Speed and Spittle
from : a seat in the back of a hurtling bus. Pyay to Yangon, Myanmar
I am reminded, I wish I wasn't, of an attrocious bus ride I took in China. This time I'm on a bus from Pyay to Yangon, nervous about the incredible velocities the young gun at the wheel has forced this rickity bus to reach. After weeks of walking, bicycling or at the most taking very slow trains, 65mph seems ludicrously, unnecasarily dangerous. After the blowouts on the road to Mandalay I know from experience it is, and begin to fear careening wildly off the road to roll over and over in the rice paddies, bodies and baggage all tumbling about. The asphalt strip is too narrow for two vehicles to pass simultaneously so one vehicle must allow two wheels to drift into the deep sand of the shoulder. If we give way there is a danger of loosing control. If our opposite number yields, the cloud of grit kicked up by the tires comes in through our windows sticks to our sweaty skin, texturing the ashen hue of our fearful faces like sandpaper.
Fear of a crash fades quickly in the face of a far more disgusting danger than death and dismemberment. Easily the worst result of the speed is that the weak stomachs of people used to travelling at ambulatory speeds can't stand up to what must be to them an extended roller coaster ride. The g-forces are quickly filling the small plastic vomit bags being passed around, though strangely it is only the women retching and carelessly flinging full bags of puke from the windows like waterballoons. It seems that the betel nut all the men are chewing cures motion sickness, if not the need to eject copious amounts of body fluid in the form of blood red saliva.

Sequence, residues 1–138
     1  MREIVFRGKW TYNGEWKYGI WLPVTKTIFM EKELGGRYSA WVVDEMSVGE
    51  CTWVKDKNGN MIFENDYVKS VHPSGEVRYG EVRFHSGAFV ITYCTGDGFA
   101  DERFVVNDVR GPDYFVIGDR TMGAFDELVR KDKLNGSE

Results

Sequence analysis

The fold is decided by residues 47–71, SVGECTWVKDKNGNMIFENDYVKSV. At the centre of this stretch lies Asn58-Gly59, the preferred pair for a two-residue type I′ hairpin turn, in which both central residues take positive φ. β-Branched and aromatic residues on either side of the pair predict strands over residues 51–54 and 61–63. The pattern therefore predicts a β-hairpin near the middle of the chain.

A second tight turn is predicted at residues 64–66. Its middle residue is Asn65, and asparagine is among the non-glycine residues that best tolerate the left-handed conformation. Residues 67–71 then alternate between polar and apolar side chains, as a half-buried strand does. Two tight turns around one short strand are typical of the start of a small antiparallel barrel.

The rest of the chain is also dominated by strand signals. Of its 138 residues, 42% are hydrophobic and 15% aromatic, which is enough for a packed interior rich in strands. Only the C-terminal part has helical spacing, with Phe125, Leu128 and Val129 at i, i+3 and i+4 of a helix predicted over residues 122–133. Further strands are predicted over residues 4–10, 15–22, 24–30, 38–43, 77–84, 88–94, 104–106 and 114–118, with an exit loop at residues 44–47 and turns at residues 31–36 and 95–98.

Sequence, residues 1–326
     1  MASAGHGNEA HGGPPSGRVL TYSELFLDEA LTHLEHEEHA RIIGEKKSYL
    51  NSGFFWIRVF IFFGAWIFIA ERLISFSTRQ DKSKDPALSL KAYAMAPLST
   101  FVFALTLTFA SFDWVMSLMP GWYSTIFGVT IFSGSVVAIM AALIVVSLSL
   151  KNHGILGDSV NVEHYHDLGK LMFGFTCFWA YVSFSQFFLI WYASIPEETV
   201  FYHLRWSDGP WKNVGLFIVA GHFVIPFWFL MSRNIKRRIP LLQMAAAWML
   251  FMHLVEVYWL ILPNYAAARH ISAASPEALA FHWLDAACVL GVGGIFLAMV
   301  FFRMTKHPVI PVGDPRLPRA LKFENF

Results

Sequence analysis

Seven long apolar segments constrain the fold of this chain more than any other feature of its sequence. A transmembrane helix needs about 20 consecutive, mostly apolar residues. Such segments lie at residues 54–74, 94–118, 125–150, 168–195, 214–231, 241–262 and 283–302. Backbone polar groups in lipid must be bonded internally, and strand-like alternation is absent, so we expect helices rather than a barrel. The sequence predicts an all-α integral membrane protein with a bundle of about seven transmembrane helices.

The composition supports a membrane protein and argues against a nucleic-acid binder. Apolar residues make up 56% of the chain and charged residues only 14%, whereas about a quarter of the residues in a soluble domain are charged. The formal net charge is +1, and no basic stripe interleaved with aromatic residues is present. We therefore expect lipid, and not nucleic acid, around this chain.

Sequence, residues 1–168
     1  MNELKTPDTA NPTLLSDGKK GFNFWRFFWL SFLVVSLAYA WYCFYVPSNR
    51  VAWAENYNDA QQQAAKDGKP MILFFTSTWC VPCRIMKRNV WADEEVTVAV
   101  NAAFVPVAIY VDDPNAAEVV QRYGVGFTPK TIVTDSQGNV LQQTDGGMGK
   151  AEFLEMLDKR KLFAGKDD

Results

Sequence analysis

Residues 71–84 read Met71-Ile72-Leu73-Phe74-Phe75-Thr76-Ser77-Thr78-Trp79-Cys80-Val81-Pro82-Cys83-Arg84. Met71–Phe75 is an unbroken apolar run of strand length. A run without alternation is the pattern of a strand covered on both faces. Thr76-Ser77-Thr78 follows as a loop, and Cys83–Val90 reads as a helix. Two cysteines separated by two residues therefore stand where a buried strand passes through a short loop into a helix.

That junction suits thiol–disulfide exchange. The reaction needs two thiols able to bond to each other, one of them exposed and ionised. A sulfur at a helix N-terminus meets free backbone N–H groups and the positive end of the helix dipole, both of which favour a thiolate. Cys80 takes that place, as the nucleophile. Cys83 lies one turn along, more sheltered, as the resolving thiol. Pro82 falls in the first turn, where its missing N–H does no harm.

This concerns me for I sit near the back of the bus, in a window seat. Unlike the similar bus ride in China, the weather here is hot. Without air-con, all the open windows are creating a fierce wind tunnel making the earlobes of the man in front of me flap like flags in a hurricane. The woman in front of me is spitting her rising bile continiously, splattering me from time to time. I adopt a boxers attitude, ready to duck and bob around flying drops of spittle, whether yellow or red. Useless though, so when a globule of sufficient size inevitably broke through my defenses I let out an exhagerated yelp and brought my hands to my face, as though hit by a large rock. Making the most of wiping the saliva from my face before the audience my cry had gained me, there was no response from the spitter. The man behind passed forward his hankie and the women in the aisle tittered infuriatingly. My only respite is to titter back when the next lurch of the bus has them all doubled over vomiting, like horses with strapped on feed bags.
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